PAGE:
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Machine learning for visual analytics

Aston research is helping businesses better understand large and complex datasets through visualisation tools

Visualisation of datasets

Visual analytics is a powerful approach to understanding large and complex datasets that makes information accessible to nonstatistically trained users.

The Non-linearity and Complexity Research Group (NCRG) at Aston has developed several fundamental algorithms and extended their applicability with interactive software tools such as Netlab and DVMS

Netlab and DVMS Software

There have been more than 40,000 downloads of Netlab by the academic and business communities worldwide. Visual analytics and the DVMS software have played an important role in improving business performance and collaborative industrial research projects to understand data, detect outliers and select important features.

The software is used by industrial partners including Pfizer and the Defence Science and Technology Laboratory, who have incorporated the data visualisation algorithms of the NCRG into their business activities. The group at Aston University has developed an interactive visualisation tool for Pfizer’s research chemists and biologists to interpret and analyse screening results such as biological activity and toxicity. A prototype information visualisation system related to integrating spatio-temporal and network analysis incorporating measures of uncertainty was delivered to the Defence Science and Technology Laboratory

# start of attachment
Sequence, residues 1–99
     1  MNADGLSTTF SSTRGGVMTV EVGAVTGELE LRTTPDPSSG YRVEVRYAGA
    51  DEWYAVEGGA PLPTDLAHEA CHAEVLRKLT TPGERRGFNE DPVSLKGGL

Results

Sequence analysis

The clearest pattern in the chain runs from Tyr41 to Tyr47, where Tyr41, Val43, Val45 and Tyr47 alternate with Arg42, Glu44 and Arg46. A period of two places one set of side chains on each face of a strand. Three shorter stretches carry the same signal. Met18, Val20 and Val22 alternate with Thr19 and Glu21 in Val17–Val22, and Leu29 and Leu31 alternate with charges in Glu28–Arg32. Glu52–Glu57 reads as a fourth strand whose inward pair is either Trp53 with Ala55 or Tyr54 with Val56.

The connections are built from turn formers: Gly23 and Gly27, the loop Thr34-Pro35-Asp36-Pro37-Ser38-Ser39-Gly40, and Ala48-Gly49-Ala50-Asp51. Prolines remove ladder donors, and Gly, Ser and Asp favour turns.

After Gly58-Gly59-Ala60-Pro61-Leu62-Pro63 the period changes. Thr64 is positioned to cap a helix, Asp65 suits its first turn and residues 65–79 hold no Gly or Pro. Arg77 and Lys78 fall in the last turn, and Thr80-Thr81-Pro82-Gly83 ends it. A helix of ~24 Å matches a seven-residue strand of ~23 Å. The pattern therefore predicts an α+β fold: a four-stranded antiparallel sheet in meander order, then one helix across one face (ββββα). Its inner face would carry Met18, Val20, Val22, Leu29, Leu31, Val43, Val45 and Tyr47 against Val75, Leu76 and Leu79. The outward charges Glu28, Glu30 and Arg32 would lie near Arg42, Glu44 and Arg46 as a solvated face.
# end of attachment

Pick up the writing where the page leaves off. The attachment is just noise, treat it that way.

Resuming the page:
The visualisation algorithms have also been integrated into a commercial tool by Integrated Geochemical Interpretation Ltd. This is a petroleum geochemical consultancy company which operates world-wide and sells 'p:IGI', which is a software product, for geochemical interpretation and basin modelling.

Visual analytics has played an important role in the development of new products, such as the Body Volume Index system

The motor company, 'WheelRight' installed three complete systems which are used each day by a range of vehicles. At a municipal bus depot, a fleet of 80 buses with over 2,000 tyre pressures, are measured each week. For a HGV fleet operator, this increases to over 14,000 and at the entrance to a technology site, over 10,000 tyre pressures are recorded.

The company has automatically recorded over a million tyre pressures in the last year from these three sites alone. Taking this number of tyre pressures manually would be impractical and very expensive, with estimated labour costs exceeding £500k per annum. Because the software is opensource, it is used to educate and train skilled people in institutions in the UK and internationally.

Staff Profile

Staff Profile

Professor Ian Nabney

Non-linearity and Complexity Research Group

"My research spans both the theory and applications of neural networks and other pattern recognition techniques, with a special focus on data visualisation and probabilistic modelling"

 

Staff Profile

Staff Profile

Professor David Lowe

Non-linearity and Complexity Research Group

David has worked alongside Professor Ian Nabney on the development of NetLab software